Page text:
4. There is a new structure of responsibility for who bears the primary burden of providing leadership in this new unit of marriage. That’s why Paul calls the husband the head of his wife as Christ the head of the church. This has profound implications for how each of them relates to the generation that has just gone before, which used to embody so much authority.
Those four new structures of allegiance and responsibility necessarily lead to a kind of leaving mother and father — leaving old structures of allegiance, old structures of provision, old structures of protection, old structures of leadership. At least that much is built into the very nature of what the New Testament describes as marriage.
A Final Principle
Now, what’s not mandated with any explicitness or specificity is how much geography or distance is needed. Do we need ten feet or ten miles between this new unit of social life called marriage and our mother and father?
“We may adapt to cultural norms as long as they don’t undermine the new structures of responsibility in marriage.”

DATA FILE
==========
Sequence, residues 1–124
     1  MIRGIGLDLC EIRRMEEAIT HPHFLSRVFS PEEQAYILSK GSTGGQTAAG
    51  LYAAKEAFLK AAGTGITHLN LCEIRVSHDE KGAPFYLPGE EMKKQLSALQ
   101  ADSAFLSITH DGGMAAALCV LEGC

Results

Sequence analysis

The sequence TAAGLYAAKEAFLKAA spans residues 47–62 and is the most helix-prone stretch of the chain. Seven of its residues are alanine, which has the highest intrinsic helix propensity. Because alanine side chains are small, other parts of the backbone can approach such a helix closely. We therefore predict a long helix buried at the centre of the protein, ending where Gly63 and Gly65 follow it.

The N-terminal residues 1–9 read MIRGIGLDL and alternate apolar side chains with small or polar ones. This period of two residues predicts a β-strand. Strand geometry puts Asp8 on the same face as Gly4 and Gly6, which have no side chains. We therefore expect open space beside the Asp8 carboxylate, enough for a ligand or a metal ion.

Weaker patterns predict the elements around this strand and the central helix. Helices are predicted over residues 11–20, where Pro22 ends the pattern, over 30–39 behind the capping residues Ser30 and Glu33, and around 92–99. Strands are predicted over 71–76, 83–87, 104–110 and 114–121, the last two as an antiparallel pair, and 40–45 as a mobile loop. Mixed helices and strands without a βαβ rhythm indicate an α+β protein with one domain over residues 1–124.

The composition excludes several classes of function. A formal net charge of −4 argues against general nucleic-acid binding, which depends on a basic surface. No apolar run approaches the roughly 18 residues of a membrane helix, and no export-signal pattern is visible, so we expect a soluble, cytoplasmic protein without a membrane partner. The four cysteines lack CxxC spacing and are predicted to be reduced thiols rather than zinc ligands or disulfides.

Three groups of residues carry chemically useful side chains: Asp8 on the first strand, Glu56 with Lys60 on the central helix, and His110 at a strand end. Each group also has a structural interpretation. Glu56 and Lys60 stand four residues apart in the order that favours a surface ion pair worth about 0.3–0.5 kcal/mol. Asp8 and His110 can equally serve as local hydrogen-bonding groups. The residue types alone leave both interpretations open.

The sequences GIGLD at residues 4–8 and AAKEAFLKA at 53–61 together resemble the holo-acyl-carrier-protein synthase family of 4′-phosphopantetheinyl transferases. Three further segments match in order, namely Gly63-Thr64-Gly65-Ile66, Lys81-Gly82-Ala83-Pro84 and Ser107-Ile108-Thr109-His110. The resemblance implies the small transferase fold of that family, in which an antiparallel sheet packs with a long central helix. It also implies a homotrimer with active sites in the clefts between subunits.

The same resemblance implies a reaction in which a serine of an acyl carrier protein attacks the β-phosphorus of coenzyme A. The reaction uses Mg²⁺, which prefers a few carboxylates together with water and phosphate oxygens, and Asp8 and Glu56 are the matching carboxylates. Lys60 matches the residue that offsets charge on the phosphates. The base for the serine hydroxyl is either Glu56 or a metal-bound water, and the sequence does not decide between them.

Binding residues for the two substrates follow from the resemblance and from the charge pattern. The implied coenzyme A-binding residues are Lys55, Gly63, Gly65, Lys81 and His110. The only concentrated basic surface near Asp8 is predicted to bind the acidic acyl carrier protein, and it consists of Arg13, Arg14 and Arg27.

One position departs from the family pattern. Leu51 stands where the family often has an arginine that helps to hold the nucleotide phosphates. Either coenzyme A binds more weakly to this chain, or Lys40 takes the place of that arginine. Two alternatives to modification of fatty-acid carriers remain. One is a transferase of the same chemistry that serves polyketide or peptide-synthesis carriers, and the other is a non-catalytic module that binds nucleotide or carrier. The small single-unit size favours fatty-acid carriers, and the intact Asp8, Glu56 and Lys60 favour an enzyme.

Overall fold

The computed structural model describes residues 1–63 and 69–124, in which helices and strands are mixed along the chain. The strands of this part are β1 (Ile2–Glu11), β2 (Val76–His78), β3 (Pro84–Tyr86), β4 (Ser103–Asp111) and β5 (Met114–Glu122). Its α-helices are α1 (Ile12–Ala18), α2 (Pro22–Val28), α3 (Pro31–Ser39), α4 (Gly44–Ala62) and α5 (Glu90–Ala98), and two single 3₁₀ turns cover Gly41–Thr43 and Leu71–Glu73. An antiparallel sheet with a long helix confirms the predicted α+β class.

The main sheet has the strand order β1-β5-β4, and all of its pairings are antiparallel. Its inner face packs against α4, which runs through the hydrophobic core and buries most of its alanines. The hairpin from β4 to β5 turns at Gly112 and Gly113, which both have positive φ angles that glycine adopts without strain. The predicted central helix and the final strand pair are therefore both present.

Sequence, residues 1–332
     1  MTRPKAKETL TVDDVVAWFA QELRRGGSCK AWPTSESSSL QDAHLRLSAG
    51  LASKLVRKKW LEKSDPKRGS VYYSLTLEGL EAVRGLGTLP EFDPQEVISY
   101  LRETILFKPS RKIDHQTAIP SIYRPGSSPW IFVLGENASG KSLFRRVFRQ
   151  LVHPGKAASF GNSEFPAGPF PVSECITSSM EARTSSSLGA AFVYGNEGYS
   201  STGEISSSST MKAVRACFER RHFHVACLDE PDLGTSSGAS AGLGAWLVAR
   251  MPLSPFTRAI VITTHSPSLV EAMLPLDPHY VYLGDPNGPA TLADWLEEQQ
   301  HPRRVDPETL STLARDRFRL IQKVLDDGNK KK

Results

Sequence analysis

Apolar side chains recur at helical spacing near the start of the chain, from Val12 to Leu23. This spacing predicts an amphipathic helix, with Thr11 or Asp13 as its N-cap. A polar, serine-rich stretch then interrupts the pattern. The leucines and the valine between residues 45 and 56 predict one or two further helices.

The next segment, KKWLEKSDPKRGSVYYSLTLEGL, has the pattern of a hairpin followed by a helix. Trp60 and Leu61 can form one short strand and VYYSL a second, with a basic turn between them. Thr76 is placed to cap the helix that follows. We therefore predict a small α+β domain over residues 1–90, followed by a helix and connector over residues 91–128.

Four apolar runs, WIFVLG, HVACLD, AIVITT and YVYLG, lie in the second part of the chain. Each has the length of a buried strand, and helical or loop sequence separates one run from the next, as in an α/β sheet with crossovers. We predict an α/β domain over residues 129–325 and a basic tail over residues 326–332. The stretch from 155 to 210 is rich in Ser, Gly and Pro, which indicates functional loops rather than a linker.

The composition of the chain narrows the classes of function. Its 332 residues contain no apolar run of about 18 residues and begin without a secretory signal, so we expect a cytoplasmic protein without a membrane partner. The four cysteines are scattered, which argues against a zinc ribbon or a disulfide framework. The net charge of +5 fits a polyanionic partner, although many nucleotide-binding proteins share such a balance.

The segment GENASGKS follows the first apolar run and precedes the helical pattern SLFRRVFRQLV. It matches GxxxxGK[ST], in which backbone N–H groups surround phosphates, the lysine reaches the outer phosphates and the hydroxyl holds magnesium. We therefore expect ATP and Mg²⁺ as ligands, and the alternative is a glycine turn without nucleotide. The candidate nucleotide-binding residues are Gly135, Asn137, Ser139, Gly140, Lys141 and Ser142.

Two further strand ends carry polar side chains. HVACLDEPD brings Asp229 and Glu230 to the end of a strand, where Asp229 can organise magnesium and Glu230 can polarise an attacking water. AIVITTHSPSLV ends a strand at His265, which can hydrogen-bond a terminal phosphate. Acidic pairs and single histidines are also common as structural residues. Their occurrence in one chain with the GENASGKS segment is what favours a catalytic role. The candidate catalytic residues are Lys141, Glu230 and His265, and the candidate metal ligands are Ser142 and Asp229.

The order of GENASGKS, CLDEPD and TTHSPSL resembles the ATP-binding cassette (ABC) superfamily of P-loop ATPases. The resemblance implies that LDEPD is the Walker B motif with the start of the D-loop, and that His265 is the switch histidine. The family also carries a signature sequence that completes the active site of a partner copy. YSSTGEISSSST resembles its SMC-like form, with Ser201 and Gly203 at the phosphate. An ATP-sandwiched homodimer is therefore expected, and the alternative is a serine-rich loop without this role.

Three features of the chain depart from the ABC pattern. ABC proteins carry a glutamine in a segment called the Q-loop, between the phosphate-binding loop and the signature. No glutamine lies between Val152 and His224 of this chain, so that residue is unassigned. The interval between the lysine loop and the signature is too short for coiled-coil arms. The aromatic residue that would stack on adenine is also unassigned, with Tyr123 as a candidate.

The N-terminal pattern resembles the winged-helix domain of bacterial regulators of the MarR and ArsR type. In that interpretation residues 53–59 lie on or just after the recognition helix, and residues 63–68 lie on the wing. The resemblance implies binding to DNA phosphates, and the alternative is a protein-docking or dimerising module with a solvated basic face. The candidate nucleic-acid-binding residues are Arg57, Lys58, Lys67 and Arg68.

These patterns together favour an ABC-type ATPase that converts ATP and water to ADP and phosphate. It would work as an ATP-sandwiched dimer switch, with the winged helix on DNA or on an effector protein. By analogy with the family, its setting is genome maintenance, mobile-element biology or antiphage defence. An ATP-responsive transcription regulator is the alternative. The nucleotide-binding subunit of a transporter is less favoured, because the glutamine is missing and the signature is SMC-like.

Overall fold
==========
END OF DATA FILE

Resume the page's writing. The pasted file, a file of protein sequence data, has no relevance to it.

I would guess this is very different from culture to culture, depending on how clans and villages and cities and vocations are conceived in those cultures. So I think the principle would go something like this across all cultures: We may adapt to present cultural norms to the degree that they don’t undermine the new structures of responsibility in marriage. Whenever there is a compromising or undermining of those new structures, we should be moving towards some cultural alteration in our living situation.
So that’s the best I can do without too much specificity. But let me close with one last thought. When Paul is thinking about taking care of widows, he says, “If anyone does not provide for his relatives, and especially for members of his household, he has denied the faith and is worse than an unbeliever” (1 Timothy 5:8). He’s thinking about a mom or grandma whose husband has died and she has no resources.
So I don’t think that leaving mother and father in the forming of a new family should mean a loss of care or a loss of thankfulness or a loss of respect. But whatever distance happens, there should be some sense of ongoing responsibility that aging parents be taken care of.